girl with camera

Can banner ads be beautiful? On their own, maybe not. But what happens if you smush 15,000 of them together…

If you use the internet (seems likely if you’re reading this) you probably fall into one of a few camps:

  • you hate online ads and have escaped their constant barrage by downloading an adblocker
  • you tolerate their unpleasantness because you want to support the web you depend on
  • you don’t realize you have a say in the matter
  • you don’t realize that most of what you see online is actually an ad.

(If the latter, please know that when ad execs daydream, it is mainly of you.)

The one commonality among the aforementioned groups is that they can agree that the brightly colored, bold texted, shrunken billboard looking-things that live on the side of the BuzzFeed article you’re reading seem to be made with a lot less care than the article itself (which at times doesn’t even seem like that much). Given the beauty and richness of the internet in so many other respects, the ugliness of the average ad is, well….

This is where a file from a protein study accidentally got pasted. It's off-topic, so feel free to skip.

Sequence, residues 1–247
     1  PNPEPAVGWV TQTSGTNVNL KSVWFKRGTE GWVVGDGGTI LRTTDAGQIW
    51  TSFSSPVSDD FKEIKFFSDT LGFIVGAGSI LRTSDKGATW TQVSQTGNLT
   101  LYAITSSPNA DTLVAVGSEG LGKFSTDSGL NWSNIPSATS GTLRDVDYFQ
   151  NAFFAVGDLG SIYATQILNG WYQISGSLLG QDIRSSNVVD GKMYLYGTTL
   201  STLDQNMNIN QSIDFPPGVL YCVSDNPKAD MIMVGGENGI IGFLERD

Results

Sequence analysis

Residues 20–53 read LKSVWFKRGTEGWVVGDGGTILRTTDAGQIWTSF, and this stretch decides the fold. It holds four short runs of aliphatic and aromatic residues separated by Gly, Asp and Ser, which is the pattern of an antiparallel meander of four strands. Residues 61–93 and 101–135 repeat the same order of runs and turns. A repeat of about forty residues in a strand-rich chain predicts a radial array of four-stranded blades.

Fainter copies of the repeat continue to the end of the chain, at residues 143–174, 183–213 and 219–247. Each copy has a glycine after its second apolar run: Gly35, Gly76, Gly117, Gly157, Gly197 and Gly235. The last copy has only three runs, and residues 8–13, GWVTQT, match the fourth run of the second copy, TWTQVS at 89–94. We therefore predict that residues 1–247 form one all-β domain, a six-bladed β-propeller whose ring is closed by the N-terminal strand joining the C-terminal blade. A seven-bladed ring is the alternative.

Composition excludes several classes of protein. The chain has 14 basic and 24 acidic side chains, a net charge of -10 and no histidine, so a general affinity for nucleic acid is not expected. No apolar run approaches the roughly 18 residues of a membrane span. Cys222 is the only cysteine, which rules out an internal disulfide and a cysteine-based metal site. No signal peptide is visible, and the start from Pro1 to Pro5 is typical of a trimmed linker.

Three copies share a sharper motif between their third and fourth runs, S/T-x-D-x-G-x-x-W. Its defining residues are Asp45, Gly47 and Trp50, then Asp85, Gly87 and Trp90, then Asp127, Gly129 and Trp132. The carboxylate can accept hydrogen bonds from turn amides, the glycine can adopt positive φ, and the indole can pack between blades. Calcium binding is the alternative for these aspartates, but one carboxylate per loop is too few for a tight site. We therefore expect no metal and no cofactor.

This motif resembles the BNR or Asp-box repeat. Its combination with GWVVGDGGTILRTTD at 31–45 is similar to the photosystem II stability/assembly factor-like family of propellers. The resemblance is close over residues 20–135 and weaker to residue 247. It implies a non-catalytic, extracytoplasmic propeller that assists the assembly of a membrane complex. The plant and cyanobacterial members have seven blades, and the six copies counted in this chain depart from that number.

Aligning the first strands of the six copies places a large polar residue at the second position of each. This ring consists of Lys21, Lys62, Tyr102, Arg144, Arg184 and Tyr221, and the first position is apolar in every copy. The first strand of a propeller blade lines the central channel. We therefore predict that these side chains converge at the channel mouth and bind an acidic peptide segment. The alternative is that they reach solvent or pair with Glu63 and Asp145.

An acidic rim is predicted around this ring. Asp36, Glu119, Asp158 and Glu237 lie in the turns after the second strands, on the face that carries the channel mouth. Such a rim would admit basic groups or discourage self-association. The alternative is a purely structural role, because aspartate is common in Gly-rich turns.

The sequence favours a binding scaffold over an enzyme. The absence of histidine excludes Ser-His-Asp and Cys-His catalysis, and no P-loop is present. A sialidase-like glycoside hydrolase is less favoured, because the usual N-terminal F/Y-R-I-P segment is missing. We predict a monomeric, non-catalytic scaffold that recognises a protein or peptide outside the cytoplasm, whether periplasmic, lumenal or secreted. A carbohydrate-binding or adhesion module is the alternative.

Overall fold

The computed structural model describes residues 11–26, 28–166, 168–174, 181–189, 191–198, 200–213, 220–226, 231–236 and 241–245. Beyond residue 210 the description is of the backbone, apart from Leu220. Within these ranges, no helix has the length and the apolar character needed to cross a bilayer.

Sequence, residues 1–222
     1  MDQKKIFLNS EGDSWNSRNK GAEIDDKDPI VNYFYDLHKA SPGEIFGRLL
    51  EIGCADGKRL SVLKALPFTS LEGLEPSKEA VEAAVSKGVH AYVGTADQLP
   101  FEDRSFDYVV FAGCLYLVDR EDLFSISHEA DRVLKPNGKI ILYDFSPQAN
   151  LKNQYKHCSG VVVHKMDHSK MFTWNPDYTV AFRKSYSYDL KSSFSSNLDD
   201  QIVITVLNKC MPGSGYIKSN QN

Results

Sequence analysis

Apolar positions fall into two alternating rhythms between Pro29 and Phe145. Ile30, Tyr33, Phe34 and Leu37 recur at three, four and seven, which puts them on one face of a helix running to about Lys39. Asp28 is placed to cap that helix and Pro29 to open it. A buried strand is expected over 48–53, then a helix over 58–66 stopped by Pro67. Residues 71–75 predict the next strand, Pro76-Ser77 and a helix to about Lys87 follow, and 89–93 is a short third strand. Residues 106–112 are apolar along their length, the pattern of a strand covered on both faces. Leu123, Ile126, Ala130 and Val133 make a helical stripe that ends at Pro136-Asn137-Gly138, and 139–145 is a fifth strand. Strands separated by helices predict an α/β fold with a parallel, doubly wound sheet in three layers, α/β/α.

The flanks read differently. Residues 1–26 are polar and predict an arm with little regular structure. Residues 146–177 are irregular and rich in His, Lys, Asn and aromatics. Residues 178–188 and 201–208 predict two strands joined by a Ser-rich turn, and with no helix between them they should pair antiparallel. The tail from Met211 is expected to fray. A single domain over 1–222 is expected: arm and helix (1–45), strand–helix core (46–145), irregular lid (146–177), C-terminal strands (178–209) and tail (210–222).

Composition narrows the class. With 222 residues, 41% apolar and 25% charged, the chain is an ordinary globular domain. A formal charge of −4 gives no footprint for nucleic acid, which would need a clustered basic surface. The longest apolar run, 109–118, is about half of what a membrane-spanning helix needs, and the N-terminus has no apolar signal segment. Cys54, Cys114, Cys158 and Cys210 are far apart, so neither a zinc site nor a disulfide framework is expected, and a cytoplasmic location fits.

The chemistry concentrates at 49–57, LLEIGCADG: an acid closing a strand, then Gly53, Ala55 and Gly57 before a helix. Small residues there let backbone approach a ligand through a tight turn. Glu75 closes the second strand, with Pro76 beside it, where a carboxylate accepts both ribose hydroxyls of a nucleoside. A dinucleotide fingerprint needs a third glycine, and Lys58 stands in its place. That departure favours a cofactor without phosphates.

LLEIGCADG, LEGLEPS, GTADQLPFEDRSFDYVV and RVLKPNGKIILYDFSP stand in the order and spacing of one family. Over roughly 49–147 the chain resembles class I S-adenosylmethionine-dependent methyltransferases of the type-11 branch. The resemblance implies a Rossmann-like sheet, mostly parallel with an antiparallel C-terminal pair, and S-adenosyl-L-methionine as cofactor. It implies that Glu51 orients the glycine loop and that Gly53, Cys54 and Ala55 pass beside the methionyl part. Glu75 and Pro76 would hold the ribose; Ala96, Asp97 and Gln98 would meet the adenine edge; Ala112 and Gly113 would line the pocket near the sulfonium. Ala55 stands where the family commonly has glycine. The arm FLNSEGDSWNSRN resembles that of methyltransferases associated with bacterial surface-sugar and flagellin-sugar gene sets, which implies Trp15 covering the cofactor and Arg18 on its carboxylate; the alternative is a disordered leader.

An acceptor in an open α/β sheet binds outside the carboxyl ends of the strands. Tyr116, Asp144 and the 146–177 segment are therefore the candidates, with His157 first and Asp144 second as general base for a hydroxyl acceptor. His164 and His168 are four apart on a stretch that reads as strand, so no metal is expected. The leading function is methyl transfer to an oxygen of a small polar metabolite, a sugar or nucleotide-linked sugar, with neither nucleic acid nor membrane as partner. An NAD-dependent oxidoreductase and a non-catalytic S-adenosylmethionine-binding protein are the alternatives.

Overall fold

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Data privacy and adblocking: the death of cookies?


One of the true joys of growing older is that you can start whining about new technology that didn’t exist when you were a child. Take the humble “cookie.” How simple were the times when “cookie” was just a way to refer to diet-destroying disks of dough. Today, cookies also serve as the carriers of nearly infinite amounts of identifying information across the internet.

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Adblocking 101: How Adblockers work

Adblocking adoption among Americans is expected to rise in the next 3 months, according to a new report from Digital Content Next (DCN), a trade group representing online publishers. Their findings indicate 33 percent of U.S. consumers are very likely or somewhat likely to try adblocking software in the next three months, which may convert into a 9-percent success of adblocker installs.

With all this talk about adblockers, we’re starting a series on the issue. In the coming weeks we’ll be diving into the adtech industry and how we’re transforming the user experience – so be sure to subscribe to our blog to stay up-to-date!